IRA: So now, does that make you have to re-evaluate your ideas?

LAWRENCE: Of course, and what’s wonderful about that is the minute the Higgs was discovered, I began to think of implications that I’d never thought of before. It’s often as a theoretical physicist, it’s kind of amazing to me how I’ve written papers after the fact, after discovery that I could have anticipated before the discovery. But somehow when it’s real, when the experiment presents it to you, suddenly you start to think of implications in a new way. And that’s really what happened. As I say, we often think of physicists as being– physics as being done by Einstein and other people in a room late at night alone. That’s not the way it’s done, generally.

First of all, it’s a collaborative enterprise. It’s full of lots of individuals. I mean the Large Hadron Collider has 10,000 physicists from over 100 countries, speaking dozens of languages. And like I say, it’s a Gothic cathedral of the 21st century. But it’s also most often, what is healthy anyway, being driven by experiment. The experiment forces us to change our ideas. If you locked theoretical physicists in a room and had them come up with a picture of the universe, the picture they’d come up with wouldn’t look at all like the universe in which we live in.

IRA: Mm-hmm. Our number, if you’d like to join us, Dr. Lawrence Krauss, 844-724-8255, author of The Greatest Story Ever Told So Far. Is there any new physics that needs to be discovered for us to move forward? Of course you’re laughing at that. Even before I finished asking.

LAWRENCE: Well, I think you know the answer, of course. That’s the great thing about science, is each time we make a discovery, there are almost more questions than answers. So we sure– we discovered the Higgs particle. And it told us, it validated a notion which is so amazing, I have to repeat it. It validated that notion that there is an invisible field everywhere in the universe that allows us to exist. Which by the way, sounds religious, doesn’t it? But the difference is that invisible field that we postulated had to be discovered, and that’s what the Large Hadron Collider is about.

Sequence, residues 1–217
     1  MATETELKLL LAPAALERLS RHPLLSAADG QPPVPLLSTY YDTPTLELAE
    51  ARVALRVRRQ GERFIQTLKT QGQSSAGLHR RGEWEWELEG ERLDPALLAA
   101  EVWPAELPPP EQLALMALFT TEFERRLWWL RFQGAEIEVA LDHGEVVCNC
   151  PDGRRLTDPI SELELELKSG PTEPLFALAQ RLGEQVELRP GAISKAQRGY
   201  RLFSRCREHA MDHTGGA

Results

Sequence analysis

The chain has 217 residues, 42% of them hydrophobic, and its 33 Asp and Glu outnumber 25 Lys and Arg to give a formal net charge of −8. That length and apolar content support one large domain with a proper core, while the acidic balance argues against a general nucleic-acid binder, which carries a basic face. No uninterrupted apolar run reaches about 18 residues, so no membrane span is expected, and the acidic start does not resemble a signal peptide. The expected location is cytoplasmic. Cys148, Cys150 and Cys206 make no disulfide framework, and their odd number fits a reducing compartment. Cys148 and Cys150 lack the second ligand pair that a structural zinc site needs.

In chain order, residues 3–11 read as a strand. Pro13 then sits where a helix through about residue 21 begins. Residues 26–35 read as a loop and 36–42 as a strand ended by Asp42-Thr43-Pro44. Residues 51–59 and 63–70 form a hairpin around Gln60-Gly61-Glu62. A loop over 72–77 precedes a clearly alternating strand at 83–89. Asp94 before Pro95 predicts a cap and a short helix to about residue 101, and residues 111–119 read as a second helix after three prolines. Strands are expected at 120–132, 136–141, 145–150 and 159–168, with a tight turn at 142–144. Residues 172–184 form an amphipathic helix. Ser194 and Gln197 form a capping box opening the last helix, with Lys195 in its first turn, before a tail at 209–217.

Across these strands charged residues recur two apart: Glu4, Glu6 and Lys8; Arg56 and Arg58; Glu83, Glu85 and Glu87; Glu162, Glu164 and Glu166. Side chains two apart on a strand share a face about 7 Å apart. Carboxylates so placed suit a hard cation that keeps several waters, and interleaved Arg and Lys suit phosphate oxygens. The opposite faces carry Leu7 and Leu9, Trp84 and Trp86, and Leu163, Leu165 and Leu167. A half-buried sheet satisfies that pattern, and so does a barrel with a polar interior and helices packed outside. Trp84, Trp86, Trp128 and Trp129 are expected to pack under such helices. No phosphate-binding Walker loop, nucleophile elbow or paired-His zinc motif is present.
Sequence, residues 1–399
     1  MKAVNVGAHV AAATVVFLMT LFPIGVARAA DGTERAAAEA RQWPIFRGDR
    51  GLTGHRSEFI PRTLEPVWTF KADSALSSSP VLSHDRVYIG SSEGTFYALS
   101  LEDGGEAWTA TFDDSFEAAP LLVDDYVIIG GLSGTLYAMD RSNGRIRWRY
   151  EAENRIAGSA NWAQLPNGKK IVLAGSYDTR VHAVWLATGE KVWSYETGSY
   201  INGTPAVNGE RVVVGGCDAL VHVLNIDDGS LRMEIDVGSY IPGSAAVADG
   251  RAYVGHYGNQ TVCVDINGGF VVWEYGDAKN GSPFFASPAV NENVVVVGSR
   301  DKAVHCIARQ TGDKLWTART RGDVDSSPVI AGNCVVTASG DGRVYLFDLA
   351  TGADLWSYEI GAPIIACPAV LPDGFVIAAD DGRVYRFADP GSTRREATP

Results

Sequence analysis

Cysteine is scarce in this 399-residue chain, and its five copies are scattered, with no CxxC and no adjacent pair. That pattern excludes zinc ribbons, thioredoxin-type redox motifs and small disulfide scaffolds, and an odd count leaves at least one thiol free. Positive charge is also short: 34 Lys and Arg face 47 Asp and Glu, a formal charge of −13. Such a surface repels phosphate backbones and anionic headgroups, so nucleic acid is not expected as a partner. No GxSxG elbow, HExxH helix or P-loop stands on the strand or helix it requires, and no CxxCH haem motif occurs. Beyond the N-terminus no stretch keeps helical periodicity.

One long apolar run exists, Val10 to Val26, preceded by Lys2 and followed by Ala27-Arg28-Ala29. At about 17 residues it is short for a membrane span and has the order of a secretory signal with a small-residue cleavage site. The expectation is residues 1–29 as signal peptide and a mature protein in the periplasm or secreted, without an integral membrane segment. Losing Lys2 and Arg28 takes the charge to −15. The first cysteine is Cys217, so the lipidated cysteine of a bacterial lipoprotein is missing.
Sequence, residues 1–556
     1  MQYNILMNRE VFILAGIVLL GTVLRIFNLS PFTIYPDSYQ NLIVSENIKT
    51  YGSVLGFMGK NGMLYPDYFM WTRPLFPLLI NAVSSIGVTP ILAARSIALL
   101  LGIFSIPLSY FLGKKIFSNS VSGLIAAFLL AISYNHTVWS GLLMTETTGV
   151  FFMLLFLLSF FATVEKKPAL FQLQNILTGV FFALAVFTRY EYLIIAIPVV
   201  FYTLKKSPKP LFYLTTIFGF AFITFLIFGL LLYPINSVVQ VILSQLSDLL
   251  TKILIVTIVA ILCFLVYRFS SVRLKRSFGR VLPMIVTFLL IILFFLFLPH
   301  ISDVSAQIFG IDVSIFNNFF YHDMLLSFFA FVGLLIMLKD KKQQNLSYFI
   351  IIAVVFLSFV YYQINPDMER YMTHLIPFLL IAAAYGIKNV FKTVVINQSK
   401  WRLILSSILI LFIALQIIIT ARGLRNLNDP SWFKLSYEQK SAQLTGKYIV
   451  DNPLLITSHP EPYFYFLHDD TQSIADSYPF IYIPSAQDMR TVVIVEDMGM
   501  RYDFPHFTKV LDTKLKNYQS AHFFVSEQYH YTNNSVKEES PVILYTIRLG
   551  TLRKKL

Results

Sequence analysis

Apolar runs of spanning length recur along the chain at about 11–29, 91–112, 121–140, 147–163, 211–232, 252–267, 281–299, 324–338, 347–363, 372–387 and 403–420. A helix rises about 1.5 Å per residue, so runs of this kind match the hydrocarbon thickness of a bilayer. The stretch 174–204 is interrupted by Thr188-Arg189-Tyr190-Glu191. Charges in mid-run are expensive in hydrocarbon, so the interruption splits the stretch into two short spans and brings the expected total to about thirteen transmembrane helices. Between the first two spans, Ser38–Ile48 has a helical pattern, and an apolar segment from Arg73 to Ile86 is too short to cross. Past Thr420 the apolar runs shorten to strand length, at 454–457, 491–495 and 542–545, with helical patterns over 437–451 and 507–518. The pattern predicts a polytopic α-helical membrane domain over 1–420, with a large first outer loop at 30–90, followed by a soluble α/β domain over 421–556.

But the question now is, so we’ve discovered that that field exists, and we wouldn’t be here if it weren’t for that. The universe certainly isn’t designed for our existence. The fundamental laws in fact, wouldn’t even allow for our existence unless this field had frozen in the earliest history of the universe, and changed the properties of the forces we measure, and the particles that make us up.

But the next question is, why did it freeze? Why is it there? Why did freeze at– have the value it does? Does it indicate something? In fact, the scale that it froze at is a very unusual scale. Because if we think of the three of the four forces nature unify, it would happen in a very different scale. Why are the skills different? There are tons of questions that arise, now that we know what happened. The question I was going to say why it happened, but really the question is how did it happen?

IRA: And you know, since we talked about that discovery, there have been other discoveries. And since the Higgs, and I’m talking now about gravity waves. I mean that really–

LAWRENCE: Of course, gravity– I mean, the discovery of gravity waves is another amazing thing, which by the way, I would never have thought was possible. I mean, that’s the reason I’m a theorist, I suppose. I look at those experiments to measure gravity waves. LIGO had to measure a difference in length between two 4 kilometer long arms as the gravity wave comes by, it would cause the length of the two arms to change a little bit. But the amount to change by is 1/1,000 the size of a proton. I mean, who would have thought you could do that? It’s amazing.

But what’s really neat, is that this just opens up. We’re sort of like Galileo when he turned his telescope up to see the moons of Jupiter. We’re entering a new era of astronomy, gravitational wave astronomy, that’s going to reveal a whole new window on the universe. And every time we open up new windows, we’re surprised. And as far as I’m concerned, probably the most interesting surprise will be when we can measure gravity waves not from colliding black holes as LIGO did, but in fact, gravitational waves that are created at the beginning of time.

Because gravitational waves created in the initial moments of the Big Bang can actually make it here to us through that dense early universe, and we could actually probe a signal from a time when the universe was a billionth of a billionth of a billionth of a billionth of a second old. To test the idea that we’re building upon after the discovery of the Higgs. It will allow us to test not just how the universe began, but actually probe particle physics at a scale that’s probably 12 orders of magnitude higher in energy than we could ever do with accelerators on the ground. You’d have to have an accelerator whose circumference was the earth moon distance in order to probe the same kind of physics that we may probe with gravity waves from the early universe, it’s remarkable.